Productivity doesn’t have to be complicated.

In fact, productivity shouldn’t be complicated. If it’s complicated, you’re not going to do it.

Time management shouldn’t require a flowchart. It doesn’t need Zen philosophies. Or memorizing matrices of next actions (whatever that means).
Craig Jarrow, Time Management Ninja

In Time Management Ninja, Craig Jarrow makes productivity approachable. And fun. Because ninjas.

For example, he presents the concept of a trusted system as the four basic producitivy weapons you need to master. Why weapons? Because ninjas.

Something I really like about how the chapters are structured is the Ninja Wisdom and Ninja Training at the end of each chapter.

First, the Ninja Wisdom. These are the key takeaways from each chapter. If you remember nothing else, remember these. If you practice nothing else, practice these principles and you’ll see a significant improvement in your time management skills.

Second, but more importantly, the Ninja Training. Stephen R. Covey said, “To learn and not to do is really not to learn.” If you read a book (especially one on productivity) and don’t do anything differently as a result of it, all you’ve done is waste your time.

This is where the Nina Training comes in. These short sections—a few bullet points that take up barely half a page—are your guided steps to start applying what you’ve learned. These are the secret weapons to productivity that Craig teaches, and I call them secret because most people are going to look right past them.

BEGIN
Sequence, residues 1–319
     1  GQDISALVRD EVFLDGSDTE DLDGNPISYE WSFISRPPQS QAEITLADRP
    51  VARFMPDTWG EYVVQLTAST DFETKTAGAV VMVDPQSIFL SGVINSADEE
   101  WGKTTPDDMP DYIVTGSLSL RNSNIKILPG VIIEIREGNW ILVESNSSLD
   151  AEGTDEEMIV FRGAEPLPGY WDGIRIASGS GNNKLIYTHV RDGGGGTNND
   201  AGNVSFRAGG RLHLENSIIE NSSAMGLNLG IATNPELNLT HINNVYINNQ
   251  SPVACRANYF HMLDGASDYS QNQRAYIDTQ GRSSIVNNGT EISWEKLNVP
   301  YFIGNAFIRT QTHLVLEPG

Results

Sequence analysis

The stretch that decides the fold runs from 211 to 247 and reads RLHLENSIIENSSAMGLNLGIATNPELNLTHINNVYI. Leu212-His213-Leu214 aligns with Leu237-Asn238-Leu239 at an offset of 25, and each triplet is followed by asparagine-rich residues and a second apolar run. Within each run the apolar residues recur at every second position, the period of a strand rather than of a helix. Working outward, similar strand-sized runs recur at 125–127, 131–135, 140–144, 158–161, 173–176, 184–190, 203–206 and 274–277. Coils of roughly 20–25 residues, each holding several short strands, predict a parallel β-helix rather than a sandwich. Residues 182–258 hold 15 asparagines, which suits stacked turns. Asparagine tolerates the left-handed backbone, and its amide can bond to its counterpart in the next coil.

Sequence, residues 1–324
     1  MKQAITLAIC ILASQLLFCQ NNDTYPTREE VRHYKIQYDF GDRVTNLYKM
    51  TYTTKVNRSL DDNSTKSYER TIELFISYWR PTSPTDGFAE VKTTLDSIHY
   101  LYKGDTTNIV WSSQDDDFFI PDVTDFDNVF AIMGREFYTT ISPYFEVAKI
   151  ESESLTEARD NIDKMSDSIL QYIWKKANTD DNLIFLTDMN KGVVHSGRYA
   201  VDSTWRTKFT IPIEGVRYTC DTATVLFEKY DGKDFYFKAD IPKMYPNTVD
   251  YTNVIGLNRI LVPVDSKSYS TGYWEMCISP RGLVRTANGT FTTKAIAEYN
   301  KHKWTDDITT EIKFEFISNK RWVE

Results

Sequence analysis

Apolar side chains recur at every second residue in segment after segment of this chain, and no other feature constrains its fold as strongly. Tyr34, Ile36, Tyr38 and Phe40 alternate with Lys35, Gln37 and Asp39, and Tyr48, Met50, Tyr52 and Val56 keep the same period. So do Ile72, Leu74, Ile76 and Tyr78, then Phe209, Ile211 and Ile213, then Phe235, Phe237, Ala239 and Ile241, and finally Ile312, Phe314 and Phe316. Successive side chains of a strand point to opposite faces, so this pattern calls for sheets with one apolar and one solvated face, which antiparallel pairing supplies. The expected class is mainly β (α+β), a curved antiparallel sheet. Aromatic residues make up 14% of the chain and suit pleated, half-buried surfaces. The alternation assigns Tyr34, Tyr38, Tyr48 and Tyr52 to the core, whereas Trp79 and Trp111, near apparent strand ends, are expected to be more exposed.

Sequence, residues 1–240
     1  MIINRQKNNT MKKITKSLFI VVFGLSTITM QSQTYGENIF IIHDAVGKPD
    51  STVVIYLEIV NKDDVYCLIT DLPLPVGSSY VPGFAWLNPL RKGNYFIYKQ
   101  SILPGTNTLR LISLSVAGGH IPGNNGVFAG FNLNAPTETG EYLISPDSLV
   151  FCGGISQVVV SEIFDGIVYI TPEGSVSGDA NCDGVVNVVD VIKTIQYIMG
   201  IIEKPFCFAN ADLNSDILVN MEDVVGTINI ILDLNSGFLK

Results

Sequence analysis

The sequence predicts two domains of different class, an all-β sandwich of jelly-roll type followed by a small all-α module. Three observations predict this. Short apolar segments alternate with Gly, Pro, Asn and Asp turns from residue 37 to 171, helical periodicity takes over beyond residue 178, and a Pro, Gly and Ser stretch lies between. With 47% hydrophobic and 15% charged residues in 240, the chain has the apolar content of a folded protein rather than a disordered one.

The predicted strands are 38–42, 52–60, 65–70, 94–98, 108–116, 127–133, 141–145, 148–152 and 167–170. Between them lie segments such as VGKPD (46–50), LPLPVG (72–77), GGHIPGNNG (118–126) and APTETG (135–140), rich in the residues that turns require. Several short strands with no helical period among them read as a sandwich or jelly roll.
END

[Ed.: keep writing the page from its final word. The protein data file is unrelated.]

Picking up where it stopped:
Most people are going to think of them as superficial, rhetorical questions. True, Craig is trying to guide your thinking in a certain direction, but they’re anything but fluff. If you want to get the most out of this book, answer the questions. Be as open and honest with yourself as you can be. These would be great questions to dive into during your weekly preview, quarterly preview, and journaling.

Of the 21 tips, these are probably my favorites:

  • Tip 1: Time Management SHould Make Time, Not Take Time. So many people get this wrong. Including, at times, yours truly.
  • Tip 6: Planning is Good, Preparing is Even Better. There’s a big difference.
  • Tip 10: The ABC Method of Cleaning. Cleaning tips in a productivity book? You betcha!
  • Tip 12: Never Confuse Busy with Productive. Keep these concepts separate!
  • Tip 18: Passion Makes You More Productive. You have to have a hobby to be productive. And, you know, enjoy life.
  • Tip 20: Don’t Create Your Own Life Friction. Productivity is about more than putting out fires. You have to stop and ask yourself why so many fires are breaking out in the first place.

If you skim the book, don’t skip the last chapter (tip 21: Live Your Life or You Won’t Have One). It’ll get you right in the feels. The only thing standing between you and the life you want to live is you. You’re not making the right choices. It’s brutal to hear because it’s true.

If you want to get more familiar with Craig’s writing, head over to Time Management Ninja (the website). He’s very down-to-earth and has a great focus on giving you advice you can put right to work.

Then pick up Time Management Ninja (the book). Read it. Learn its wisdom. Follow its training. You will quickly level up your productivity skills, grasshopper.